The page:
Stef (firecat) wrote,

It's so hard to think about class in the United States

[personal profile] snippy posted about an interactive feature on that attempts to determine whether you, a person residing in the US, can correctly identify whether you count as "middle-class."

Here is the gist of the comment I left over at [personal profile] snippy's post:

Income is not a great gauge of class by itself. Net worth matters a LOT.

Have you read The Millionaire Next Door? One of the main themes is that some professionals with high incomes believe that appearing wealthy is an important part of their professional reputation. So they have big houses, expensive cars and clothes, and are deep in debt. Some rich people think it's important to save money, so they have lots of assets but they don't live in fancy houses, drive beat-up cars, etc. (The book is rather simplistic in its judgements but I agree that those patterns exist.)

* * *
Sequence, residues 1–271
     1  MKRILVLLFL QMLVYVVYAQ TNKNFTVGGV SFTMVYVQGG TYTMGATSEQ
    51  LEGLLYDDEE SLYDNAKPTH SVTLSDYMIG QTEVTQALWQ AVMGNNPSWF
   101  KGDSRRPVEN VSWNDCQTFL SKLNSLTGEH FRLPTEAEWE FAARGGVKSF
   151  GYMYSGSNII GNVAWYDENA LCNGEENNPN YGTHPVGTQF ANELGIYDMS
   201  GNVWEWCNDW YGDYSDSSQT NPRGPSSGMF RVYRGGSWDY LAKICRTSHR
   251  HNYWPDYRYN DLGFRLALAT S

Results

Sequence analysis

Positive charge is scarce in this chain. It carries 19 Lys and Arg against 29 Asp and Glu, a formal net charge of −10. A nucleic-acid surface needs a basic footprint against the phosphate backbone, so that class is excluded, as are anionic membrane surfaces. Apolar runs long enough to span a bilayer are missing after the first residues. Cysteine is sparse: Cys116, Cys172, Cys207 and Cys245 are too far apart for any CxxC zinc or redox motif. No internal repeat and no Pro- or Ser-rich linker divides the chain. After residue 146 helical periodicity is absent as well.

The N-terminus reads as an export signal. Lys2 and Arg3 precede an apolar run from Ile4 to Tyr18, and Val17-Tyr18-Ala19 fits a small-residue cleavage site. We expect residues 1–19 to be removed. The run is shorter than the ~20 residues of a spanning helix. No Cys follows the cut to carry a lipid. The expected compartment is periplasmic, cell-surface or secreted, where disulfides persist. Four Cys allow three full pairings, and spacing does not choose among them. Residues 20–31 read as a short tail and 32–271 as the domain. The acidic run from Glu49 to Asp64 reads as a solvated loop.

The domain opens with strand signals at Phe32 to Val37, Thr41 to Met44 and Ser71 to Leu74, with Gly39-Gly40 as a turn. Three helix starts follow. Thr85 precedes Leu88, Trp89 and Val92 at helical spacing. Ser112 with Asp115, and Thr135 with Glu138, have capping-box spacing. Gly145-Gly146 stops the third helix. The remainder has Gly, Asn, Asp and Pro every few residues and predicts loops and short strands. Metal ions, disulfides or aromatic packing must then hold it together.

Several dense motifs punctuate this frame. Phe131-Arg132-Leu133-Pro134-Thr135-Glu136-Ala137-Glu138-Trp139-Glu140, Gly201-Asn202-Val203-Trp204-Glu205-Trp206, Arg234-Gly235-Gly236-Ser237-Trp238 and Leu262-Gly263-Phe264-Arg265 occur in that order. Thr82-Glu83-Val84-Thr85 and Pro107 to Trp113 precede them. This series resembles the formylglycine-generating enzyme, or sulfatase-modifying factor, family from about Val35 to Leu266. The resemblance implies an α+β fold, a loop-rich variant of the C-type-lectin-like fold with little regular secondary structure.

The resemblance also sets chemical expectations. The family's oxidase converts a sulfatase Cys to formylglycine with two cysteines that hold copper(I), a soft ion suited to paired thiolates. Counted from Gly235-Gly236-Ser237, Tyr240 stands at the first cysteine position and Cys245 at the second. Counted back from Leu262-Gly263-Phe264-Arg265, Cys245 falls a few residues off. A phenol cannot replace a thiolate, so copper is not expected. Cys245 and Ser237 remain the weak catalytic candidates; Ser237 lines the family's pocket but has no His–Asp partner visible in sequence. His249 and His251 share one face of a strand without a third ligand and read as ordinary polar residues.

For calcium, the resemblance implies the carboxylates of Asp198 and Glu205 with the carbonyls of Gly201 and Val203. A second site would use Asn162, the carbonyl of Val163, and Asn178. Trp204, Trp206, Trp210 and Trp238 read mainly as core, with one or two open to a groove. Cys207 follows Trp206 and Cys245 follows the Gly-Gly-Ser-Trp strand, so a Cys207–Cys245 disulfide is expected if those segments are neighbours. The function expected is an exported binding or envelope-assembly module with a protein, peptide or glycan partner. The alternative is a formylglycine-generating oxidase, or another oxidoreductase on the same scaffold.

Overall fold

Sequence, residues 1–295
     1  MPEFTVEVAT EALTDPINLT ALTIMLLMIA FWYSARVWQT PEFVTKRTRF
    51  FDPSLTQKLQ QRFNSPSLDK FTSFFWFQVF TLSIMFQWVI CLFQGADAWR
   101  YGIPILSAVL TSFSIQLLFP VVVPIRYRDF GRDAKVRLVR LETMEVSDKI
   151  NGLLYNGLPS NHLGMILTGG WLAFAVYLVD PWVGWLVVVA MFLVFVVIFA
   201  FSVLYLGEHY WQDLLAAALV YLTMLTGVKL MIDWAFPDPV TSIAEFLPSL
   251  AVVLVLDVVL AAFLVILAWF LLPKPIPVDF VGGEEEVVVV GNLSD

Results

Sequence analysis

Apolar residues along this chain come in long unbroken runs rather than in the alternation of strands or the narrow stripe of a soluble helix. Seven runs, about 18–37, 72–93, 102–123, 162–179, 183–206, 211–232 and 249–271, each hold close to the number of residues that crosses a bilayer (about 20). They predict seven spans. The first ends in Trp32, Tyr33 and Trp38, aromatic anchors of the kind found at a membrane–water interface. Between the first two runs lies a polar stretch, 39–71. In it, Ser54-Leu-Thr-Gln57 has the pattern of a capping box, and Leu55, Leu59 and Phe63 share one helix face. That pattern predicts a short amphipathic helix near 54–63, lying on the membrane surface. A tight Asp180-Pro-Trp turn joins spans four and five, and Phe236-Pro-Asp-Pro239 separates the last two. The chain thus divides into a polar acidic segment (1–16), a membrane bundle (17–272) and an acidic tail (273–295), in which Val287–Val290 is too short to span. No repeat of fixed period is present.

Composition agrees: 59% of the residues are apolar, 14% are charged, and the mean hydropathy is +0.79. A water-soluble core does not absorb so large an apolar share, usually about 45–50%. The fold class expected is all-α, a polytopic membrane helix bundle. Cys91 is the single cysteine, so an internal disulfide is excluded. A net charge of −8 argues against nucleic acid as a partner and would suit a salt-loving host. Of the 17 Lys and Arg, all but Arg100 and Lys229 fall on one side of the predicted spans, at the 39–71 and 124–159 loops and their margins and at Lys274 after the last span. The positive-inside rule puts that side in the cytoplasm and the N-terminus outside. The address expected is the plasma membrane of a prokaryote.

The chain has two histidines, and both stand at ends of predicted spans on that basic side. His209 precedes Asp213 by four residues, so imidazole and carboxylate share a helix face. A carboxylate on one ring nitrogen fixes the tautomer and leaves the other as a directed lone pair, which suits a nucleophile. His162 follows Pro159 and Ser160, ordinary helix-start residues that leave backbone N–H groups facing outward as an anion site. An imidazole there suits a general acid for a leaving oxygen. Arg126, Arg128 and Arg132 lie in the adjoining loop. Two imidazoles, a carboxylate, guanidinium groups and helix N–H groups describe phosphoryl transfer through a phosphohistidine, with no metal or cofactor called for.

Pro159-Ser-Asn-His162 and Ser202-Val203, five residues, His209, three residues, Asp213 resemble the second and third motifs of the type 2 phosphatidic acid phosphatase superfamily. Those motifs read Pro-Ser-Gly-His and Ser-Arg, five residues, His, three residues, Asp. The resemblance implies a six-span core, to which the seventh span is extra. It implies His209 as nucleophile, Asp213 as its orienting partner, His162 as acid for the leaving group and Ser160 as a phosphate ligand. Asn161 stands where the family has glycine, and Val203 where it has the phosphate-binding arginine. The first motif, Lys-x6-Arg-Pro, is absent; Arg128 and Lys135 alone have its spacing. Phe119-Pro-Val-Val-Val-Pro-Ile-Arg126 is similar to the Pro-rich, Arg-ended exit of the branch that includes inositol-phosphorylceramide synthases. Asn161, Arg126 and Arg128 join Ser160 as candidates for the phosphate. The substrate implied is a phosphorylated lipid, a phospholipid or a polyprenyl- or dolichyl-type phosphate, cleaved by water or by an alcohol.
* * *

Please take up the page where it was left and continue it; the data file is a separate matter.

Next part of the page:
Those rich folks and professionals might have similar gross incomes. But are they the same class?

They are defining "middle class" where I live as a household income of $68,420—$107,815.

They're counting it as the middle fifth of income, which means they're assuming five classes. One wonders what the results would be like if they took the middle third of income (I suspect the results would be more boring, although I'm sure some people would define themselves as middle class when they aren't in the middle third of income).

This entry was originally posted at, where there are comment count unavailable comments. I prefer that you comment on Dreamwidth, but it's also OK to comment here.
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